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TIGR2ESS: Transforming India's Green Revolution by Research and Empowerment for Sustainable food Supplies

A Global Challenges Research Fund project
 

At the recent TIGR2ESS General Assembly at ICRISAT, Hyderabad we were joined by Dr Hirut Assaye Cherie and and her PhD student Helen Walle Endalew from Bahir Dar University in Ethiopia. Hirut and Helen are partners on MillNETi, a sister project to TIGR2ESS which aims to improve the iron nutrition status of people living in Ethiopia and The Gambia. As a sister project, MillNETi will build on learnings from India, and help build research links between India, The Gambia and Ethiopia. Here, Hirut and Helen discuss their takeaways from a week at ICRISAT.

We were given the opportunity to spend a week at ICRISAT in Hyderabad through the TIGR2ESS Exchange fund. Whilst we were there, we attended training sessions, took part in the TIGR2ESS General Assembly, and were inspired by the facilities and ideas which we saw at both ICRISAT and the Institute for Millet Research. All the visits and meetings gave us a chance to learn about the research people are doing in the two institutes to improve the health and livelihood of their communities. The visit also helped us to identify areas for future collaborations and we even identified activities which can be included in our current project.

Learning from TIGR2ESS

At the start of the exchange, we attended a two-day workshop on journal article and grant proposal writing. We really enjoyed the workshop as it was participatory and the points raised helped us to realize the most common mistakes we usually make when writing journal articles and grant proposals.

Over the next two days, once the training sessions had finished, we had a chance to attend the opening of the TIGR2ESS General Assembly and various PDRA presentations. We took away several learnings from the General Assembly, including how to present research findings very concisely, how to work with people from different backgrounds and how to present research findings to beneficiaries. The exchange also helped us to identify possible research areas and problems which could be addressed in Ethiopia.

Inspiration from ICRISAT

Whilst in Hyderabad we also had a chance to visit different departments and meet new people and researchers at ICRISAT. This included people from the Smart Foods team, the Agribusiness and Innovation Platform (AIP) and HarvestPlus.

Millets in Ethiopia are mainly used to prepare ‘injera’ and some local alcoholic beverages. Our project component of MillNETi (FP3) in Ethiopia mainly focuses on studying the fermentation kinetics and bioavailability of iron during the fermentation of millets (which usually takes four to five days) in the preparation of Injera, a sour flat bread staple in Ethiopia. We were therefore interested to learn how the Indian market for millets has grown, and how they are proving beneficial for nutrition.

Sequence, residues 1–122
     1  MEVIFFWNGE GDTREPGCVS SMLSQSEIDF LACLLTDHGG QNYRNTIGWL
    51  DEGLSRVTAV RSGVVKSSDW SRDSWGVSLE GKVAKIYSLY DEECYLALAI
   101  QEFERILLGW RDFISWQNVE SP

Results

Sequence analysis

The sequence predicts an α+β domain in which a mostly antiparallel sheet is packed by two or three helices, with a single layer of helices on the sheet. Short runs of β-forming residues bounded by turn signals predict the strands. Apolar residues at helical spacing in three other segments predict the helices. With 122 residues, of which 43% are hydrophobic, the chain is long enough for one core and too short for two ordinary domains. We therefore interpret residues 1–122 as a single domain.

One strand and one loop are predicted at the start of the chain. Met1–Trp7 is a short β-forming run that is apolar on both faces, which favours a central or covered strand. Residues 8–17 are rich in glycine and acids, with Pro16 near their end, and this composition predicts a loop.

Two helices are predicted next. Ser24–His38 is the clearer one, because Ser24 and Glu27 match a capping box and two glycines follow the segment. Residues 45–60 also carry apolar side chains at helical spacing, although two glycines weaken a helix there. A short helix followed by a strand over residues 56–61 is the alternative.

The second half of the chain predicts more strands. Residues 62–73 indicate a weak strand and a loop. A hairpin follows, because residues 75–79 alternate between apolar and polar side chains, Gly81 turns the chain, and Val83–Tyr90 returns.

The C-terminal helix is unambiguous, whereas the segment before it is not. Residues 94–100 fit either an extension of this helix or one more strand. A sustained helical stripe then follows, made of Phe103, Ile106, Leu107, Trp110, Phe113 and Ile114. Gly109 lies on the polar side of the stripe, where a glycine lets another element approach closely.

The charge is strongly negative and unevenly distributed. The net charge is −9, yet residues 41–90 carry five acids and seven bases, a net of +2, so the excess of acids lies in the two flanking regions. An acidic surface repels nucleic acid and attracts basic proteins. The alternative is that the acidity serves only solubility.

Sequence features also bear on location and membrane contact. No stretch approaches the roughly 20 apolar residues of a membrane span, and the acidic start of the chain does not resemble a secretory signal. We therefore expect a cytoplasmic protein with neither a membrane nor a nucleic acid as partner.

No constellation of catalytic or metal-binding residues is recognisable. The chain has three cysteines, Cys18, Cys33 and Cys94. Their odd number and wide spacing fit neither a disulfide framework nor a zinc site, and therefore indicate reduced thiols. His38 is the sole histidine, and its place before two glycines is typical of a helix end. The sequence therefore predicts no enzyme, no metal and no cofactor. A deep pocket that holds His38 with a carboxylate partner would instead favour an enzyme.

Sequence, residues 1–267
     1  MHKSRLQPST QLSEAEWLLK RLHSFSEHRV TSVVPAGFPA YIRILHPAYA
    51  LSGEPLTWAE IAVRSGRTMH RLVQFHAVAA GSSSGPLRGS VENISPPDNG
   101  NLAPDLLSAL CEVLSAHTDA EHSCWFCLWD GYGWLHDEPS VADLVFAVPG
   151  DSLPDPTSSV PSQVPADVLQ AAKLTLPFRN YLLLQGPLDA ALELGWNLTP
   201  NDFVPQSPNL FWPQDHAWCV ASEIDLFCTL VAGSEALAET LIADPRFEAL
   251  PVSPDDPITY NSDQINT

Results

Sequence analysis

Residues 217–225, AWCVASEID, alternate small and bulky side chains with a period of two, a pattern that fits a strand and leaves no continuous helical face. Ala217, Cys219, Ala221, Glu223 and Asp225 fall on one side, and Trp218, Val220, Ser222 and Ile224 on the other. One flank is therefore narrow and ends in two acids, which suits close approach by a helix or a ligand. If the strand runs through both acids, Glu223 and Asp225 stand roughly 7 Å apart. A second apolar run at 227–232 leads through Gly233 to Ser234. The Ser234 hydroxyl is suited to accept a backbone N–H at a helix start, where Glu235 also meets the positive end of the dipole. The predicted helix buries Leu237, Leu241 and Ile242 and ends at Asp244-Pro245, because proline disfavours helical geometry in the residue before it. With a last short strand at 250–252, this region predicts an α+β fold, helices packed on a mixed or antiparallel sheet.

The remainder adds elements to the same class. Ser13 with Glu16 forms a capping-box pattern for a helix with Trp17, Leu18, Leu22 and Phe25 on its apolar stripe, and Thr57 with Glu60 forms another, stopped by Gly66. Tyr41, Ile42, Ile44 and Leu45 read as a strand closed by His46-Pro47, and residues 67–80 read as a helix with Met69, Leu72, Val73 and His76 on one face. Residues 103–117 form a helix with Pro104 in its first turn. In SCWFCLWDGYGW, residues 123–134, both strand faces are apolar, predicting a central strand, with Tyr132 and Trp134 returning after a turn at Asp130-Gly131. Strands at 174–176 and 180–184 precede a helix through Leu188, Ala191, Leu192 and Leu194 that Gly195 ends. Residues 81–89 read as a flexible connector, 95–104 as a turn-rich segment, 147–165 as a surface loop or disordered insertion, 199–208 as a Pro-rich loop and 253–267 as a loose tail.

From the Smart Foods team, we learned about their food product development targeting malnourished children and adolescents and addressing the challenge of iron deficiency through school feeding programs with millet. We believe this is something that can be implemented in Ethiopia.

At the AIP we saw a range of millet processing technologies, and were inspired by the range of millet products that had been developed for consumers.

On the last day of the exchange, we left the ICRISAT campus to visit the International Millet Research Institute (IMR). Whilst there we saw the gene bank, value addition and food processing park as well as their nutri-cereals innovation centre.

The work being done by researchers from AIP of ICRISAT and Nutri-cereals Innovation Center of IMR (creating incubation space, providing business related trainings, developing and delivering food related technologies for entrepreneurs) is a very good platform that can be directly translated in Ethiopia to engage many jobless graduates in the food processing sector – unemployment is a big problem.

The visit helped us to see the different type of foods and businesses that can be developed from millets. This is definitely something which should be done in Ethiopia and will be addressed through our current project - MillNETi.

Outputs of the exchange

The exchange helped us to establish new contacts and identify areas of collaboration. We really appreciate the trouble taken by Joanna from MillNETi, Marla, Aakriti and Sarah from TIGR2ESS and Lara from the Centre for Global Equality took to introduce us to interesting people. We also now have a clear understanding of how to write appropriate journal articles and grant proposals. Moreover, the exchange helped us revisit our current project and include some activities to make the project more comprehensive. In general, the exchange was an eye opening experience for us since there were many situations when we said ‘Ah, we wish this could be done in Ethiopia’!